3 Ways Blended Learning Programs Can Benefit Instructors

Posted by Ray McNulty on 8/4/16 9:59 PM

blended learning and instructor benefitsBlended learning programs — those that combine online and in-class teaching methods — have grown increasingly popular in recent years. According to the Evergreen Education Group's 2015 annual Keeping Pace with K-12 Digital Learning report, nearly all K-12 school districts around the country now use online learning to some degree.1 By 2019, half of all high school courses will be delivered over the Internet.2 Additionally, nearly one in four college students take at least one online learning course.3

One of the reasons blended learning is growing more popular is because of the many benefits it offers students. These benefits include extra support for struggling students, access to courses not otherwise available, flexible location and scheduling of classes, and personalized learning opportunities. But blended learning also offers distinct advantages for instructors. Here are three ways blended learning can benefit educators at high schools and career colleges:

1. Extends Ability to Reach Students

One way blended learning helps instructors is by extending their ability to reach more students. In a traditional classroom, teachers' visual focus naturally falls on students in the front of the class. In a blended learning environment, since students are doing some of their work online, teachers have more freedom to walk around the classroom and assist individual students. Instructors can also use online video to make eye contact with students in the back of a large lecture room or even at a remote location.

Moreover, by incorporating digitized student data, a blended learning model makes it easier for teachers to personalize educational approaches by taking into account students' individual learning needs and delivering presentations tailored to those needs, which can be especially helpful for reaching struggling students. Blended learning represents one of the most promising tools for developing student-centered learning approaches.4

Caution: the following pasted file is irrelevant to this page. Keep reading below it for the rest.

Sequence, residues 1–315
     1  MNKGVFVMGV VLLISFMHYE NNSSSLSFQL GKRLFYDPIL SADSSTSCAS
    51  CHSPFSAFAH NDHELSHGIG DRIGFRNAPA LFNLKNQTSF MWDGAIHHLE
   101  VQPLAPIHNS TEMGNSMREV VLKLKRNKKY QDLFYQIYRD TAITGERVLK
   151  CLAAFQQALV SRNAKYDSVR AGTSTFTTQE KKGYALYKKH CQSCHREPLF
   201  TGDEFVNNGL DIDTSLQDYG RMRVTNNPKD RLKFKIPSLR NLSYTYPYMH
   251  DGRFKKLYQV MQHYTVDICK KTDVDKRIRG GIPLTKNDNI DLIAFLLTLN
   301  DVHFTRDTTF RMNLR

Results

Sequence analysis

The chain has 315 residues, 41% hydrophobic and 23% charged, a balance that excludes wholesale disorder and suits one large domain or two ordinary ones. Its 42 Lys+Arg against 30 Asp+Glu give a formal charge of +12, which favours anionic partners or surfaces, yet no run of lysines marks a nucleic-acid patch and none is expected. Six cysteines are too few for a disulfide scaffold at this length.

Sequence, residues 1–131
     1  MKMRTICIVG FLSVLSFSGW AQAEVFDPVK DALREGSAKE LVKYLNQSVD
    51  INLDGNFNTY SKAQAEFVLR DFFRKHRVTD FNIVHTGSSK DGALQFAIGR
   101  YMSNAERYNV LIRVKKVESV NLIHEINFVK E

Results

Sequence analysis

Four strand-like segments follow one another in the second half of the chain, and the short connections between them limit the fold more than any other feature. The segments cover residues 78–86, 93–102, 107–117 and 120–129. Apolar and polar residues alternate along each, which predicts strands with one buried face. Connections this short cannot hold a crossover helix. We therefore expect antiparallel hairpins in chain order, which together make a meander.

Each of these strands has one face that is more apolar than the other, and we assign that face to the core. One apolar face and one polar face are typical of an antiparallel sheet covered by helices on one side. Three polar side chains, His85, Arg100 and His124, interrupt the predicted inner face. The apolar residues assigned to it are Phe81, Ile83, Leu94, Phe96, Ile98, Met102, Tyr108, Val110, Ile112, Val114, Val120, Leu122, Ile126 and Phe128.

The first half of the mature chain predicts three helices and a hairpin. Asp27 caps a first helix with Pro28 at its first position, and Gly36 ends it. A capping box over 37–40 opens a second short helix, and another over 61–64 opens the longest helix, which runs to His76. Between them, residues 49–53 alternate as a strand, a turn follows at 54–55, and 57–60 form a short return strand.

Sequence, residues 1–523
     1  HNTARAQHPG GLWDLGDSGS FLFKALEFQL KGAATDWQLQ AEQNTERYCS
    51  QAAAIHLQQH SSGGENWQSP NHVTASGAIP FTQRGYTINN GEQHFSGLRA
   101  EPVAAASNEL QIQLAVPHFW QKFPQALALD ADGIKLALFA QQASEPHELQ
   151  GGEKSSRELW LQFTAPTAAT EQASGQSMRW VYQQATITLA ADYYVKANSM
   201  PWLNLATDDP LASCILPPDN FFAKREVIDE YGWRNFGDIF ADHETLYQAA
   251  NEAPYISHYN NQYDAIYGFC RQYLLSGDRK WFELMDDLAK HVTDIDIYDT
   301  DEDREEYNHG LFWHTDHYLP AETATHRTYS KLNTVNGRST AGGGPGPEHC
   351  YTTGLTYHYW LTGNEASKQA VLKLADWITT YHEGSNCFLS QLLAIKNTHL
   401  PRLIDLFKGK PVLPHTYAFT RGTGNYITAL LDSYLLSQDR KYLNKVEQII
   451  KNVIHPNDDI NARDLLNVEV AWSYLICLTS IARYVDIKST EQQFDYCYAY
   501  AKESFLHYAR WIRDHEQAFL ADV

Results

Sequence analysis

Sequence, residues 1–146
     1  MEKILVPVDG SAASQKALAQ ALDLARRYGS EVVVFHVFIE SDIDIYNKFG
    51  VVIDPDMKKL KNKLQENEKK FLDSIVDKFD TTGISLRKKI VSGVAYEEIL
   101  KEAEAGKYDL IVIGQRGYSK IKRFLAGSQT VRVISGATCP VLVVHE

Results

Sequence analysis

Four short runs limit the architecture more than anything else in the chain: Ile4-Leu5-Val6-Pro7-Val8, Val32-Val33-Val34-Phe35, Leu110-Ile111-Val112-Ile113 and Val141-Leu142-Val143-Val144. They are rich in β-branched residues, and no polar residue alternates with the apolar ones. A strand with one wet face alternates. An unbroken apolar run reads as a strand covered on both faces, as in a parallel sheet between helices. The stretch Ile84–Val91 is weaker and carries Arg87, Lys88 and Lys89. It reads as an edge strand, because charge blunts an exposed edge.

2. Improves Progress Tracking

Blended learning makes it easier to track student progress on an individual and collective level. With the variety of digital tools available, teachers can automate the process of administering computerized tests, scoring results, and producing electronic reports on individual and group performance. Blended learning software typically uses short quizzes to evaluate students, providing teachers with instant feedback on individual and class comprehension. Some blended learning platforms such as Otus5 also provide information about student behavior and engagement, along with digital tools for producing customized reports on student performance.

3. Empowers Instructor Efficiency

Another advantage of blended learning for teachers is increased efficiency. By leveraging the ability of the Internet to deliver the same presentation to many students at once, blended learning enables teachers to get more done in less time, affording them more time to give students individualized attention or take on other leadership roles in the classroom. North Carolina history teacher Scott Nolt says that he is able to reach twice as many students using a blended learning approach than he was able to reach using traditional learning methods.6 In India, a population of over 227 million students7 faces an anticipated shortage of three million teachers by 2030. To combat this shortage, educators are turning to blended learning as the most efficient way to serve the nation's huge student population.8

Recommended for you: 3 Teaching Strategies to Support Students with Varying Learning Styles

Resources: Photo Credit. (1) Keeping Pace With K–12 Digital Learning (2) Christensen Institute (3) Online Learning Consortium (4) Education Week (5) Otus (6) Real Clear Education (7) India Brand Equity Foundation (8) EdSurge

Topics: Public & Private High Schools, Colleges & Career Schools

 

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